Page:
So what can you do if you’re feeling anxious and worried to preserve your mental and physical health?

After all, being placed in quarantine or self-isolation can have a severe impact on your mental health in particular [1]. And working from home with others around you doing the same can bring fresh challenges to those relationships.

Choose how you respond to your worries!

As humans, we have the capacity to respond to our emotions – to set a course away from cycles of worry and rumination – to a place where we can feel positive and well, and thereby regain our human compassion to care for, lead and support those around us. 

Whether you are leading an organisation, managing a team, or looking after the vulnerable at home or in your local communities, focusing on prioritising and protecting YOU is paramount. 

Without looking after yourself, and showing yourself some compassion, it’s much harder to show up your very best and be there to care for, lead and support those around you – whether they are colleagues or loved ones, or both!

“Crowd out” your negative emotions and worries

Have you heard someone tell you to “keep calm and carry on”, or “just get on with it”.

Or “don’t worry, it’ll be fine”, or “we’ve experienced worse before!”.

Sympathetic, consoling statements like these often come from someone who has a genuine desire to help.

But how useful have they been to you when you hear them?

Do you find yourself going back to your worrisome thoughts after statements like these?

The alternative approach

If you find yourself stuck in a repeated mental loop of worry, turn your attention to self-care.

By doing so, you replace your natural, human instincts for self-preservation and survival into compassion for yourself.

You move away from your “fight – flight – freeze” response to one of “rest – relax – digest”.

The more you focus on these things, the less room you’ll have to focus on your negative thoughts and emotions.

They’ll be crowded out.

What crowding out is not?

It’s important to note that the purpose is not to remove, suppress or ignore your negative thoughts and emotions. We don’t have any control about how they arise.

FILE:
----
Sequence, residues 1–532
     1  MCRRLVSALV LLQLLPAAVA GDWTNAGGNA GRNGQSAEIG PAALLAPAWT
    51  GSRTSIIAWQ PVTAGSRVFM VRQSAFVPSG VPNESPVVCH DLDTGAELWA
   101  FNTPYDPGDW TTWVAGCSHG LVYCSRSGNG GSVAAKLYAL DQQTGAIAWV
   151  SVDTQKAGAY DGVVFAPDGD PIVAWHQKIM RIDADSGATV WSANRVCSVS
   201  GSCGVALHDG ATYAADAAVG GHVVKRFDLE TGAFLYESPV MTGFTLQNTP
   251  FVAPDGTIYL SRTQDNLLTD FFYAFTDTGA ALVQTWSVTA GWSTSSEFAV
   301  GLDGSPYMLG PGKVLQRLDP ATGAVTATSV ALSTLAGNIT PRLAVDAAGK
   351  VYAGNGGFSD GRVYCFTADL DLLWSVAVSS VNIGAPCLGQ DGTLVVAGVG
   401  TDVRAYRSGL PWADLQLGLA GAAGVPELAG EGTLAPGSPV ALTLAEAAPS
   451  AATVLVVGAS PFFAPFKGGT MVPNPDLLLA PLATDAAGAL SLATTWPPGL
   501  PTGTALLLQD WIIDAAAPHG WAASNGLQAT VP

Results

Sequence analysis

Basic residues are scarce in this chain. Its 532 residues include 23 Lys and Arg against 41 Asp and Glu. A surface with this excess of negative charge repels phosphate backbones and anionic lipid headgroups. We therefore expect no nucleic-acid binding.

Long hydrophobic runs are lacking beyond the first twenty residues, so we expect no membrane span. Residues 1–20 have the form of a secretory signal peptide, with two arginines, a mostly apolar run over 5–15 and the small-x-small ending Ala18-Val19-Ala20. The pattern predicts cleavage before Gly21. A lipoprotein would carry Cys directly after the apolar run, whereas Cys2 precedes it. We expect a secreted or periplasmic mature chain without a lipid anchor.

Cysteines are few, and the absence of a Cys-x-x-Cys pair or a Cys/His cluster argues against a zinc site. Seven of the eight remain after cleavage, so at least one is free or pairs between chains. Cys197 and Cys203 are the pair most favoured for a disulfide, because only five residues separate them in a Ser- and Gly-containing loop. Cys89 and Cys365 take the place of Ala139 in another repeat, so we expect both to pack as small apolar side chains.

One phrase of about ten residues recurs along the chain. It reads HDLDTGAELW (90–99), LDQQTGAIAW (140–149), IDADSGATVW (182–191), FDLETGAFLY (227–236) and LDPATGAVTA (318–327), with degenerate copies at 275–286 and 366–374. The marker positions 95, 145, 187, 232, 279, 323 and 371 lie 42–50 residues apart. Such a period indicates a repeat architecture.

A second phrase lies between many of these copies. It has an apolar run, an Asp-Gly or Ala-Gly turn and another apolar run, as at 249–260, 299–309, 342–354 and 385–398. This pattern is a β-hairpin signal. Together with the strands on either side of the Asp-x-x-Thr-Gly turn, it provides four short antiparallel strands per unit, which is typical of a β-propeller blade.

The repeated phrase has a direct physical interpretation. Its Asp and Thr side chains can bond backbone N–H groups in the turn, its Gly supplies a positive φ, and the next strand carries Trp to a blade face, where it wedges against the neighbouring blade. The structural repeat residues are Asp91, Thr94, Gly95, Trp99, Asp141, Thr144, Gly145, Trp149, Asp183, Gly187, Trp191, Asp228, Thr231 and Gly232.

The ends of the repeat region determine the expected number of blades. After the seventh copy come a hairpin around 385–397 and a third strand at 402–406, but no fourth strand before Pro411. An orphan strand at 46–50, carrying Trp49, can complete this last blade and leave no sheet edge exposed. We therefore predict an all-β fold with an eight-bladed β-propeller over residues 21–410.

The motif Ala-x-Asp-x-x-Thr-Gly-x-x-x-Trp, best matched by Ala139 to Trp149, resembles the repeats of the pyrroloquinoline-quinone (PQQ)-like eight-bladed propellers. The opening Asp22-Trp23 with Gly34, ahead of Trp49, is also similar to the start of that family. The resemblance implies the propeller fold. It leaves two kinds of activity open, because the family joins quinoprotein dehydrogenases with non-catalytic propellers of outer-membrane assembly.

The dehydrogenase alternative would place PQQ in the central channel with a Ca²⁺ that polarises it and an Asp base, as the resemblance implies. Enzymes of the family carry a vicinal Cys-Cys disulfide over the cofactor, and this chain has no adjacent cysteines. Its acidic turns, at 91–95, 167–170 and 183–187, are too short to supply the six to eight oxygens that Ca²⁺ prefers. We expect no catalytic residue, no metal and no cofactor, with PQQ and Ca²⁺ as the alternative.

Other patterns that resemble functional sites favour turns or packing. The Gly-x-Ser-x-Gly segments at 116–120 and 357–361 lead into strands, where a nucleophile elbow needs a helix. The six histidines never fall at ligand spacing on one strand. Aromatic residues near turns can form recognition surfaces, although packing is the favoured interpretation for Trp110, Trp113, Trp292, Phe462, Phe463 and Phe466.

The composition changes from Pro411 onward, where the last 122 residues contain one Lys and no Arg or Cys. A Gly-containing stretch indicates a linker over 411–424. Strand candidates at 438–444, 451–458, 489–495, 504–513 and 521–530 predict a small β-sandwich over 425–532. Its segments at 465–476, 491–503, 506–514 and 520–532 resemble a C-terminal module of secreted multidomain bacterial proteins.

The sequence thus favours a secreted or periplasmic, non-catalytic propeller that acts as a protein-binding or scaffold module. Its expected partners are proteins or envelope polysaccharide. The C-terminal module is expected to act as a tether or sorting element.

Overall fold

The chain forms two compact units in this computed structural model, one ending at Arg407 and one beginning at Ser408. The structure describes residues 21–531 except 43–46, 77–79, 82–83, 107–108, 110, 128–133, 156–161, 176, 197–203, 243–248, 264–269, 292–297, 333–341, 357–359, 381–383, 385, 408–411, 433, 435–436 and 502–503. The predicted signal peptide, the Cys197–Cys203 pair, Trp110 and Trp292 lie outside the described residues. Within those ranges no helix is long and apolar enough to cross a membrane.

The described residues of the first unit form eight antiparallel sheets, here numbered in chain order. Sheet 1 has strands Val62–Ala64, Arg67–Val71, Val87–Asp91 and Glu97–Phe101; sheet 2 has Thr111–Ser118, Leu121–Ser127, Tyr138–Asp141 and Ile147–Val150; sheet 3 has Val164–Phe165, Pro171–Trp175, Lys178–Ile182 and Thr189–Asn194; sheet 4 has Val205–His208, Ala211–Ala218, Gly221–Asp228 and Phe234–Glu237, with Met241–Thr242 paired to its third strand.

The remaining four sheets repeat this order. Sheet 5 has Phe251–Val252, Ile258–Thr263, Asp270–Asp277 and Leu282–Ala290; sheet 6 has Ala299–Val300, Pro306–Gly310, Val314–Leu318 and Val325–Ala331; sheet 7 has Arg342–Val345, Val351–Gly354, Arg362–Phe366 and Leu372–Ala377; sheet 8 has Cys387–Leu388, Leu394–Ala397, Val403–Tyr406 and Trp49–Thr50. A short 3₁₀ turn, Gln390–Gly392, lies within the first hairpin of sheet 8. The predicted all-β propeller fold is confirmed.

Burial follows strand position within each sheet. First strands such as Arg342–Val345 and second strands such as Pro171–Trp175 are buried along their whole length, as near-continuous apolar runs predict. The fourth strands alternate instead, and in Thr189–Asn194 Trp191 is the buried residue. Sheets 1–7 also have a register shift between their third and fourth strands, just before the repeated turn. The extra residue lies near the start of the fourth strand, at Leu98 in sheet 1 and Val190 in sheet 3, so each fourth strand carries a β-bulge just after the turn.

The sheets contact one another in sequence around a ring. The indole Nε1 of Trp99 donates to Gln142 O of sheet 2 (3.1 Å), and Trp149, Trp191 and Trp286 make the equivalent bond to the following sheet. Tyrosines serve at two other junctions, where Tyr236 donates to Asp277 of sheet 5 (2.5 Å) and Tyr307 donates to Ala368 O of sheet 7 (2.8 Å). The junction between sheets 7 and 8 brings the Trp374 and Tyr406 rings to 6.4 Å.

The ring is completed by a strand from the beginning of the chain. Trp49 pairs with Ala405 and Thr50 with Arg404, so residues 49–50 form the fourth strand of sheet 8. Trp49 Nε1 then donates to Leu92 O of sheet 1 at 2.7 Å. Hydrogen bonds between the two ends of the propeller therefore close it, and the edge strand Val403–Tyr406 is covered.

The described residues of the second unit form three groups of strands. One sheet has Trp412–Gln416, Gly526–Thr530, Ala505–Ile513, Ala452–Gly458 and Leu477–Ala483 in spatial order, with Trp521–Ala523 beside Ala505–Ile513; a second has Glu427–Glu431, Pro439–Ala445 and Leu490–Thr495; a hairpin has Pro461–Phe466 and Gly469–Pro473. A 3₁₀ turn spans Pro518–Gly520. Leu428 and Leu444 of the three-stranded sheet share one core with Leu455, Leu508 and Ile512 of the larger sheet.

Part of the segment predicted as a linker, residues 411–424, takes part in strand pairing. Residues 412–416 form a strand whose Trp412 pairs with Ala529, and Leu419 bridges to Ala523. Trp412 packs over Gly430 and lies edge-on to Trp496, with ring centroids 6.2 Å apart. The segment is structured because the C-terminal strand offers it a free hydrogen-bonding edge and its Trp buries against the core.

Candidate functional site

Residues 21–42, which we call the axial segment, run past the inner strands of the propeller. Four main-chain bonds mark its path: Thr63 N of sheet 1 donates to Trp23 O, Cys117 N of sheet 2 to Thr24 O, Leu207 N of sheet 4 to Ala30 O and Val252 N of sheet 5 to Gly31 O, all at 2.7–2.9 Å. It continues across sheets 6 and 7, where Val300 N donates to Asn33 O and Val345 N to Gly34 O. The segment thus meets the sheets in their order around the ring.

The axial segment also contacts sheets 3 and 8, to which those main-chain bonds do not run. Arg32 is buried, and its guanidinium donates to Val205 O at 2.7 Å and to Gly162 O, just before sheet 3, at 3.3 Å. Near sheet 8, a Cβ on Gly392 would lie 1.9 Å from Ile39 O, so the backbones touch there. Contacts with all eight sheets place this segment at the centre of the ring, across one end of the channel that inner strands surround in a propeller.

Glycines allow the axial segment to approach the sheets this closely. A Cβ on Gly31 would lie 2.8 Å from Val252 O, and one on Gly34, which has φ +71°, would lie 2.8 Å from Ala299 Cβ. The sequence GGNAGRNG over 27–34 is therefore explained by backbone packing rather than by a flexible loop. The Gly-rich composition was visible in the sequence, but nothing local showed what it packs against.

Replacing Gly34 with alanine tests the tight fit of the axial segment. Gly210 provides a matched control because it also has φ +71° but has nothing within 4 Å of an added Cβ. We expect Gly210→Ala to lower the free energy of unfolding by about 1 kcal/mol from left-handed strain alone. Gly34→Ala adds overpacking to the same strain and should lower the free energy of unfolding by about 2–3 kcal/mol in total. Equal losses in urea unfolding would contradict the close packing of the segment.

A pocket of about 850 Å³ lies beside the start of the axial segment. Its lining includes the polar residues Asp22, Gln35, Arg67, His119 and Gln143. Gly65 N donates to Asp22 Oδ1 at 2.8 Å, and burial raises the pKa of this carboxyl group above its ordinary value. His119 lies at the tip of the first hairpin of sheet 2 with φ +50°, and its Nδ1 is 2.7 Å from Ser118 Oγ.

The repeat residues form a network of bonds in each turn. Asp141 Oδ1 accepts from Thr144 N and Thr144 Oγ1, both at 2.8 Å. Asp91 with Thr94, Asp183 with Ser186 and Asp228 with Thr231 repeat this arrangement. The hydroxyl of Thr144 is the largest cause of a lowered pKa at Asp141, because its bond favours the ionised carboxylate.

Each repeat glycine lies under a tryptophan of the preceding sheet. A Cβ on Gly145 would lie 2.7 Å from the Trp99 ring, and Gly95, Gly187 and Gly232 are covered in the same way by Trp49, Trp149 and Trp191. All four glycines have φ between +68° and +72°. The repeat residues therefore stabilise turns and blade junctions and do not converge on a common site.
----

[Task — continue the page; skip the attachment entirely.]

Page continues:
But you DO have the choice about how you respond.  

I encourage you to experiment with the smorgasbord of options below.

Find the ones that fit into your life, and build them in to your daily routine so they become the habits that form the foundation of good mental and physical health.

They’ll reduce your stress response and boost your mood and immune system.

And they’ll also help you relieve the anxiety and worry you may have at stressful times.

My smorgasbord of top tips for self-care

When you build resilience in your mind, you can conquer any challenge life throws at you!

Below I share the tools you can incorporate each day: social connection, consciousness self-awareness, food, supplements, sleep, movement and exercise.

They’ll support your mental and physical health in times of stress and dislocation. 

Armed with those tools, you can then re-focus your efforts to care for, lead and support those around you, and feel calm and in control about doing so.. 

I wrote previously about the principles – rooted in Functional Medicine and ancestral health – of how to thrive. This article takes those principles and applies them to how to look after your mental and physical health during the COVID-19 pandemic.

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1. Social connection

We are human beings, not human doings. Connection with others is really important for your health and sense of wellbeing and happiness. 

As we self-isolate, or are placed in quarantine, this can have a big impact on our mental health.

Experiment with these ways to maintain social connection, and reduce the negative impacts of social isolation during the COVID-19 pandemic.

1.1 Start your day with gratitude

Gratitude is a critical foundation of my morning routine. I write down the two or three things I am grateful for.